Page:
International

Yemen: Bruised, Battered And Burnt

A timeline that charts Yemen's decade-long descent into one of the deadliest civil wars and a large-scale humanitarian crisis.

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Houthi supporters chants slogans on the street
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As another year draws to a close, Yemen continues gasping for breath against the bone-chilling horror of a decade-long humanitarian crisis. The Yemen Civil War which developed into a full-scale crisis in September 2014 and considered one of the worst humanitarian crises, has seen soaring death tolls owing to incessant military offensives among the parties, counter-terrorism operations, pangs of hunger, deadly diseases and acute shortage of necessities. Although the war has subsided over the last year, the magnitude of displacement owing to the war and the recorded deaths which has inched near to 400,000 as recorded in 2022 has unleashed absolute mayhem in Yemen over the last decade.

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Outlook charts the course of the Yemen Civil War which marks a decade of ensuing crisis in the coming year: 

2014-2015

Following tensions and street protests surrounding rising fuel prices and political unrest, the Houthis and their supporters led by Abdul Malik Al-Houthi revolted against the Yemeni government headed by Abdrabbuh Mansur Hadi. Over the next few months, with the Houthis marching into the capital Sanaa, the Prime Minister and President's resignation gave way to the Houthi's establishment of a militant ruling council, seizing control of all establishments in January 2015, and establishing the Supreme Political Council in February.

Airport Attacks and Sanaa Mosque Bombings

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Two consecutive days in March 2015 saw important events which tipped the domino in Yemen. On 19th, Hadi loyalists and troops clashed with the parties refusing to recognise Hadi's authority. The troops under General Abdul Hafez Al-Saqqaf who held loyalty to the previous President Ali Abdullah Saleh and the Houthis, surrendered and fled to Sanaa. The following day, the al-Badr and al-Hashoosh mosques in Sanaa were bombed resulting in the loss of 137 lives. ISIS, in direct opposition to the Irani-backed Houthis, claimed responsibility of the attack.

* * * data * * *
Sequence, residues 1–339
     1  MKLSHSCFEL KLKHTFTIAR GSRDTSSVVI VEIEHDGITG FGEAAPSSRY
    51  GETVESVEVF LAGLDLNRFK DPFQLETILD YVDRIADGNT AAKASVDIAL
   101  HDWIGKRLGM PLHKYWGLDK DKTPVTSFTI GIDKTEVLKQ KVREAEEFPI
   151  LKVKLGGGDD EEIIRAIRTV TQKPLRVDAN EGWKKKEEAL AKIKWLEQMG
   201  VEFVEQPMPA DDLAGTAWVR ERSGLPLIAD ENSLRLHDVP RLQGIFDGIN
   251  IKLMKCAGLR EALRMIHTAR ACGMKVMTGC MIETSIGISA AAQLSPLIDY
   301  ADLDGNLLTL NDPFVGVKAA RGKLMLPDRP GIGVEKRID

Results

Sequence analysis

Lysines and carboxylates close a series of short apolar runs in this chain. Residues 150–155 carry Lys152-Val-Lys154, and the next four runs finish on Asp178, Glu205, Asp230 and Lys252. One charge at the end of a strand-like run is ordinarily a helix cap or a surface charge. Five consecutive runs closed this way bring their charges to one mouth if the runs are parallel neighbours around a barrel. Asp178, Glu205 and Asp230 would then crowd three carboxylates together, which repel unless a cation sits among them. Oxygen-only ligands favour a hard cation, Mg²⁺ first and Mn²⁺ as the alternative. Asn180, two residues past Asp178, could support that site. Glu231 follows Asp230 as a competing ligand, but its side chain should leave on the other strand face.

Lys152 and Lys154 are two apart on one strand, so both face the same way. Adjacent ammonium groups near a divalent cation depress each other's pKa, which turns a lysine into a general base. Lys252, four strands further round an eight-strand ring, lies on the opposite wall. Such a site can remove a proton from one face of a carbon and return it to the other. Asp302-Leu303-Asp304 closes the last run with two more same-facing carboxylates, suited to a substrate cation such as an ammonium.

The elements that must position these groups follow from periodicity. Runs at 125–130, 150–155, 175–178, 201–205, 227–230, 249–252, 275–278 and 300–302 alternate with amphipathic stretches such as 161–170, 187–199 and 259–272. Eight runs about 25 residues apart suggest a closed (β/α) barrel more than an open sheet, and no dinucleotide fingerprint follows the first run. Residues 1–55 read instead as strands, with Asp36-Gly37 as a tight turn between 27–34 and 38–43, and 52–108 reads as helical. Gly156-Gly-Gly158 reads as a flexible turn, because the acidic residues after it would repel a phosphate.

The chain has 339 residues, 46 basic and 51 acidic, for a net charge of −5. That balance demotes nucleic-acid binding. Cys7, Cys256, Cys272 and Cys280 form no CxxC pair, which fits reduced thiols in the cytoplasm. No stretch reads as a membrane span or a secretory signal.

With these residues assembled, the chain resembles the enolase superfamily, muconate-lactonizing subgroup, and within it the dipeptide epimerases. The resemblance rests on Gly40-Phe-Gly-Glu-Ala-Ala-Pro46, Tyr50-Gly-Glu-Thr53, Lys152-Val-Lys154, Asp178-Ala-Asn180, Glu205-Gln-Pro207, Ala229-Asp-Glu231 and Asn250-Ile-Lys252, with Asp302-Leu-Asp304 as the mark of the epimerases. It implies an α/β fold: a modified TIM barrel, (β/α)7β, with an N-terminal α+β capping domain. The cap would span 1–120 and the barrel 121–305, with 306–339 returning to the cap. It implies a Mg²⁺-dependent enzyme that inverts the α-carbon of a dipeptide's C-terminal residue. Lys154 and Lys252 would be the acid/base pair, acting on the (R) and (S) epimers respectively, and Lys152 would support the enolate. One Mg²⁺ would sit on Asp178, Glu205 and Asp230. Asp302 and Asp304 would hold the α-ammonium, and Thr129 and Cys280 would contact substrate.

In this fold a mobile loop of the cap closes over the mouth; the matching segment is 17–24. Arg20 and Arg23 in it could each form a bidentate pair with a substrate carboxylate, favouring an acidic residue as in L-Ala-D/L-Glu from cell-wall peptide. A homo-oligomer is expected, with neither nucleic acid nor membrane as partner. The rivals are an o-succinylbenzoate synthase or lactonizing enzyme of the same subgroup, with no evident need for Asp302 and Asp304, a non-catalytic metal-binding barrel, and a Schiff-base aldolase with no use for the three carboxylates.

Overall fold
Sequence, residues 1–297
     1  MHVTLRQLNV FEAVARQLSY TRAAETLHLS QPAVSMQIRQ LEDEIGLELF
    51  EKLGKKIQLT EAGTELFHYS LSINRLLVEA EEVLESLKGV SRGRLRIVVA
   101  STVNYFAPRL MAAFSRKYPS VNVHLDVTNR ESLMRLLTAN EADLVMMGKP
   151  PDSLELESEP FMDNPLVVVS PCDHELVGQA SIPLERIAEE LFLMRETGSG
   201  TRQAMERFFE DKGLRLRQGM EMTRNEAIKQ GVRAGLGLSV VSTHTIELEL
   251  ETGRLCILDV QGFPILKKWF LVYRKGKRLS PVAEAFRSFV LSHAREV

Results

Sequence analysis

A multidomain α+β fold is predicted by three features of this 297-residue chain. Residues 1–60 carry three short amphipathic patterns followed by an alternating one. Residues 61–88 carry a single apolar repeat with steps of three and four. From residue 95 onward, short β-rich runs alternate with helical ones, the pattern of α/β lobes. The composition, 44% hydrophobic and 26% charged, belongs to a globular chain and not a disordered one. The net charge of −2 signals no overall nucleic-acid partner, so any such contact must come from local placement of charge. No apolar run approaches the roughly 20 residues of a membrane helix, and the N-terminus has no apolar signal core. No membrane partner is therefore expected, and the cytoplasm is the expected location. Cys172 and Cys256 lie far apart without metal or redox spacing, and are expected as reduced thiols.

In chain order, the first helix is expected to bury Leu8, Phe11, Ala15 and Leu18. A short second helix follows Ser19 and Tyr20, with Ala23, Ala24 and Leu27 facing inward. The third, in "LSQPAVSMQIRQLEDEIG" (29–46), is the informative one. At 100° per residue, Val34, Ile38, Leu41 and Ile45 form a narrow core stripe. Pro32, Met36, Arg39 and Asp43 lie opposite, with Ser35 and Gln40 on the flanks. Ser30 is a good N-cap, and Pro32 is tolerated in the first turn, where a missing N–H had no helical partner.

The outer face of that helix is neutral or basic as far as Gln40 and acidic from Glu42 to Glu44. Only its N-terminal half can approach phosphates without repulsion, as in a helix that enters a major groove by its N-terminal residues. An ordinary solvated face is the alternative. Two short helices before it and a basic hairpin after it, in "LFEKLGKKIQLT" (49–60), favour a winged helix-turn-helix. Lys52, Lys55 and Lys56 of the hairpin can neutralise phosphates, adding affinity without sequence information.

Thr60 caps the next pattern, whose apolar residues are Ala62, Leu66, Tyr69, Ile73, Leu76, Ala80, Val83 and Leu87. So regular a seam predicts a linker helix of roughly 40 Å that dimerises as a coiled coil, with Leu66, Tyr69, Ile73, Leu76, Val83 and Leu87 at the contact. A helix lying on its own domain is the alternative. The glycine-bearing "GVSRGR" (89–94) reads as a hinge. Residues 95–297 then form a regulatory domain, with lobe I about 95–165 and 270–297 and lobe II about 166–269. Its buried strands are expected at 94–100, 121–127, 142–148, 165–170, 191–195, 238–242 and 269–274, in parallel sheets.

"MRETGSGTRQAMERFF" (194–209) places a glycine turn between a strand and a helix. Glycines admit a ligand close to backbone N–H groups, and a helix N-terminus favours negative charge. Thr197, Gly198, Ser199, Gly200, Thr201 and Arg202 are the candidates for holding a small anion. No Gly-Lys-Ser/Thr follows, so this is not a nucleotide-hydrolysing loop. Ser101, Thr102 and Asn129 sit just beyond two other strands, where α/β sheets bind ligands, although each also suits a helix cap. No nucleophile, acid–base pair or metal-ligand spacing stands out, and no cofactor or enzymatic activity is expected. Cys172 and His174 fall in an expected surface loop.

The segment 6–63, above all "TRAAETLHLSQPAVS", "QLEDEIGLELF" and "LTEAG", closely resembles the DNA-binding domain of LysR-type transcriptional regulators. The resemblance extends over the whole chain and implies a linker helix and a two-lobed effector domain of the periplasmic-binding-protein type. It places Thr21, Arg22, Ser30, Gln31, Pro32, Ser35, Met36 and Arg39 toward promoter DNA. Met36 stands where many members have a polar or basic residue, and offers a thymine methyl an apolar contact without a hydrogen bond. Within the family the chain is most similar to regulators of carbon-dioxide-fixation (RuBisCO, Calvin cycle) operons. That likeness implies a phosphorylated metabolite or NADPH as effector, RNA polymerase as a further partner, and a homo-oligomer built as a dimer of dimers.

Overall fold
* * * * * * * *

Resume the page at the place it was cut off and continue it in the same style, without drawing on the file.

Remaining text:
The Houthis declared mobilisation of forces- triggering an advance towards Southern Yemen. President Hadi fled from Aden, and sought asylum in Saudi Arabia, following which the Houthis took control of Taiz. This was followed by an intervention of regional powers led by Saudi, in support of the President in exile seeking to eliminate the Irani channels feeding into the Houthis. The crisis escalated, leading to the militarisation owing to a stand-off between Iran and the coalition.

2016-2017

In 2016, the Houthis and former President Saleh announced the formation of a political council which would govern Sanaa and Northern Yemen. However in 2017, Saleh went against the Houthis asking his supporters to take up arms. Houthis retaliated by defeating Saleh's forces in a couple of days and killing Saleh. 

2018

Coalition forces marched to Hodeidah, the primary seaport in Northern Yemen, met with resistance from the Houthis. This culminated in the first ceasefire between the Saudi-led Coalition and the Houthis. Although other pockets like Taiz witnessed offensives, the truce was mostly held over the next couple of years, leading to a much-needed de-escalation in Yemen.

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2019-2022

A Saudi-brokered deal saw the Southern Transitional Council (STC) incorporated into the internationally recognised government. Following the truce and the subsequent de-escalation, Saudi officially exited Yemen but continued to exert political influence on the land. However, with the beginning of 2021, things took a turn with the Houthis launching an offensive to seize Marib, a government stronghold in Northern Yemen, and conducting missile airstrikes on oil tankers, airports and other facilities in Saudi Arabia. The Saudi-led coalition responded with fierce airstrikes leading to the deadliest clash since 2018. This necessitated mediation and temporary truce talks which were upheld between the two major parties over the course of 2022. However, southern separatists continued to launch offensives seeking to re-establish their control over the area.

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2023

With Iran and Saudi resuming diplomatic relations, negotiations to terminate the civil war found its initiation in March. However, in solidarity with Palestine and Hamas, the Houthis declared war on Israel. In a recent escalation of events on the Red Sea, one of the busiest maritime trade routes, the Houthis launched missiles and drones on oil tankers, with the aim of not letting shipping containers enter Israel. This has caused major disruption in the troubled waters of the Red Sea, prompting major market players to stop operations along the route for the time being.

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